Use this BMI calculator for men to determine the body mass index for male weight by metric or English measurements taking into account the subject's weight and height. Find below the calculation everything there is to know on this body index for the masculine population.
How does the BMI calculator for men work?
You’ve been presented above with a weight calculation that is meant to provide you with a personalized BMI reading for your weight that will place your body mass in one of the functional ranges, as established by WHO. Data can be put in the form in the two main measurement systems used worldwide, metric and English or Imperial. Therefore you are asked for the weight in either kg or lbs and in height in meters or inches. The info you provide is then put in the BMI formula in order to give you the index. The height value is also used to determine which is the healthy weight range for that calculation. You can start the form for other data by pressing calculate again.
Body Mass Index
This is a weight indicator defined as the individual’s body mass in analysis with the body surface and is a way of determining how appropriate that weight is to the height given. BMI can be divided into several categories and generally the higher it is, the greater your risk of a large range of medical problems.
How to calculate BMI for males?
This is a calculation based on the body mass index formula, adapted for both metric and English measures. It isobtained through dividing the weight in kilograms by the square of the height in meters.
BMI= mass (kg)/height (m)^2
The conversions for the imperial measurement system are: 1 pound= 0.4535 kg, 1 inch= 0.0254 m or you can use the following BMI formula: mass(lb)/ height (in)^2 * 703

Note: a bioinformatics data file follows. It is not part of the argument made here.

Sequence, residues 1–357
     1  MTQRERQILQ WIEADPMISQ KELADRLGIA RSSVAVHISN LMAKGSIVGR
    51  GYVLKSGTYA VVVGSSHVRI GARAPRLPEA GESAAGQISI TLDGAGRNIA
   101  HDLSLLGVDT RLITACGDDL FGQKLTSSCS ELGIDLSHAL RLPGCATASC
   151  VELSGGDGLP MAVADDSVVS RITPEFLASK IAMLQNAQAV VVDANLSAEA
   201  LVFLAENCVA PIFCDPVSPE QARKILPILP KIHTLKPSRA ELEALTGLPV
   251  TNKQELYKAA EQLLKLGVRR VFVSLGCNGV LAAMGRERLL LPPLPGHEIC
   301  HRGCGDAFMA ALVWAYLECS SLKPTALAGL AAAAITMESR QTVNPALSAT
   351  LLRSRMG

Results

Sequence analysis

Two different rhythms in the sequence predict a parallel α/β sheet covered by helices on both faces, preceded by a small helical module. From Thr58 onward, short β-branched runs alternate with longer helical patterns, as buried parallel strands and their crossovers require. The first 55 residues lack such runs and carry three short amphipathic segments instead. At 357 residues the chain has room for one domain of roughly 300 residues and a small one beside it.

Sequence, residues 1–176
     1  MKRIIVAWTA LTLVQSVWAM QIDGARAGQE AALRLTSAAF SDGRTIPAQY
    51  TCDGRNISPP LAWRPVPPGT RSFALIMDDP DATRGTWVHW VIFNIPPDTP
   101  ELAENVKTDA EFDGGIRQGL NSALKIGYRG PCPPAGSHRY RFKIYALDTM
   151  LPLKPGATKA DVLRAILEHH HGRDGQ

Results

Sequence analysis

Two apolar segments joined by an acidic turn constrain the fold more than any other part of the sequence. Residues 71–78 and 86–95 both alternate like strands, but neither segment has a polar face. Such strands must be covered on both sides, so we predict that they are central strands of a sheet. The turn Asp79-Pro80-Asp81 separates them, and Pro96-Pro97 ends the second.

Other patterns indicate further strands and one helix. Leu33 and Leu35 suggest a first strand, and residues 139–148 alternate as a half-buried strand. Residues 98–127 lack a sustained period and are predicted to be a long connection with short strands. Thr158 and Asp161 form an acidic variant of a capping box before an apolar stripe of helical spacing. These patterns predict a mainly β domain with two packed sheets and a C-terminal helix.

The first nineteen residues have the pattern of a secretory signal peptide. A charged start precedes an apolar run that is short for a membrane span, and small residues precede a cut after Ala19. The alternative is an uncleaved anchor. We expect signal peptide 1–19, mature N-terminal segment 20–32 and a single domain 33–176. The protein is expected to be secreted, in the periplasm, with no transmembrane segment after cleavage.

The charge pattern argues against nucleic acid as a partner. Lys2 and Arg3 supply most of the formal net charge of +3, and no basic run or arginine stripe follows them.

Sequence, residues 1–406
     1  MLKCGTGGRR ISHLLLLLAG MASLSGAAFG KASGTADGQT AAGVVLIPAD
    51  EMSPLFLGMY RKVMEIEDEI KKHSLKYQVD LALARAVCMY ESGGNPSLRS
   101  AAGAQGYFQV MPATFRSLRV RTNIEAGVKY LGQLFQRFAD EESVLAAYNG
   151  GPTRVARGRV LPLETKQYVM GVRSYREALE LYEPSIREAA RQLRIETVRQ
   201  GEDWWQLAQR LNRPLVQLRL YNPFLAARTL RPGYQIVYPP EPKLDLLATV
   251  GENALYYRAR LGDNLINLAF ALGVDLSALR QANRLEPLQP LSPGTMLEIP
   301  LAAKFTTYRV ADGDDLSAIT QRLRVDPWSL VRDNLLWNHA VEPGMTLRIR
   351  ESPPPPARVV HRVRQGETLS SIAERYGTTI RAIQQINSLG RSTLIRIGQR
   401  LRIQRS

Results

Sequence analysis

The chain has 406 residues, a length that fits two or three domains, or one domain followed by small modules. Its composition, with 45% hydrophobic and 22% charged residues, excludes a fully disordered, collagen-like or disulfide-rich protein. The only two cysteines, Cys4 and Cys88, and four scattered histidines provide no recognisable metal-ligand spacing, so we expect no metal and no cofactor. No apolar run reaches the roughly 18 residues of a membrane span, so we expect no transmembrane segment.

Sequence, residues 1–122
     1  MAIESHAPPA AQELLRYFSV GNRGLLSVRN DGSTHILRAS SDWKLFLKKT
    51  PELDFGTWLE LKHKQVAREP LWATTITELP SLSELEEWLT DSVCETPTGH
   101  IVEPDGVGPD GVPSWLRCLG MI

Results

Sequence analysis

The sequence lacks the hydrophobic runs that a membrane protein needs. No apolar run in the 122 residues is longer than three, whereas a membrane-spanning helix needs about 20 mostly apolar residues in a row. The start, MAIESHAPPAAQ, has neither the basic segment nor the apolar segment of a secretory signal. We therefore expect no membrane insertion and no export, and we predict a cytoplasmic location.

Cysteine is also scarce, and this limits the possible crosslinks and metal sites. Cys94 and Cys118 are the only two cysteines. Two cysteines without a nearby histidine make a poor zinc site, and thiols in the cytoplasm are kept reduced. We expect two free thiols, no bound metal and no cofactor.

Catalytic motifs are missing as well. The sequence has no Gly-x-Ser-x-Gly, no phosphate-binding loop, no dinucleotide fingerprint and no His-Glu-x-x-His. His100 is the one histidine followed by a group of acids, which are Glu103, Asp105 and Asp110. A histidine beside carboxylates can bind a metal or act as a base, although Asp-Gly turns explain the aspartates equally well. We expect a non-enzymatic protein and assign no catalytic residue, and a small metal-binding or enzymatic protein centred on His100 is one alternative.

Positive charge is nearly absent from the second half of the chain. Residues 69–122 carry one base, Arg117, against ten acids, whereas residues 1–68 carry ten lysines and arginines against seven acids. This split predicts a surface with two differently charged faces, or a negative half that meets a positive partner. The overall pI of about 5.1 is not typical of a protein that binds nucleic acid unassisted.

Example BMI calculation
For a male with a height of 6ft 1in and weighing 196 lbs, here is the BMI value:
BMI= 196/ 73^2 *703
BMI= 25.85 (rounded to 25.9)
This value is in the overweight range.
Interpreting the results
Repeating the same calculation in the BMI calculator for men will also provide the healthy weight range for the mentioned height. WHO generically classifies the BMI values as follows.
- <18.5 Underweight
- 18.5 - 25 Normal weight
- 25 - 29 Overweight
- >30 Obese
- >40 Morbidly obese
This classification can provide useful information on the general weight state of an individual but also can portray sedentary levels within a population.
Why should men be interested in BMI?
Because there have been numerous critics of the body mass index model and of its application that does not take age into account, people are inclined to consider it a soft measure of weight state and to leave it aside as a tool for women that are overly interested in measuring all kinds of bodily parameters.
Contrary to this belief, men should be equally interested in assessing their body mass condition, although this parameter doesn’t accurately discriminate between people with muscular builds and people with mainly adipose tissue.
This weight index is a great guideline to assess thinness or thickness of one’s body and changes that should or should not be made in lifestyle but also different health risks that come with different weights.
BMI implications for male population
Although it might not seem of a great importance when it is a low number, a body mass index of less than 18.5 can heighten the risk of developing nutritional deficiencies and osteoporosis. Also a great BMI can portray a series of risks that are higher and higher just as the number gets higher and assesses an obese body.
Measuring body fat has increasingly become a preoccupation in most Western societies as continuous research keeps showing that obesity is connected to a lot of health impairing conditions.
Individuals with a BMI value over 26 are at a higher risk of developing:
- Cardiovascular diseases (stroke, high blood pressure, coronary disease)
- Dyslipidemies (high LDL cholesterol, high triglycerides)
- Respiratory problems (sleep apnea)
- Cancer (i.e colon)
- Type 2 Diabetes
- Gallbladder disease
- Metabolic diseases
1) Keys A, Fidanza F, Karvonen MJ, Kimura N, Taylor HL. (1972) . Journal of Chronic Diseases 25 (6–7): 329–43.
2) BMI Classification. (2006) . World Health Organization.
3) Uribe AA, Zvara DA, Puente EG, Otey AJ, Zhang J, Bergese SD. (2015) . Front Med (Lausanne);2:38.11 Dec, 2014 | 0 comments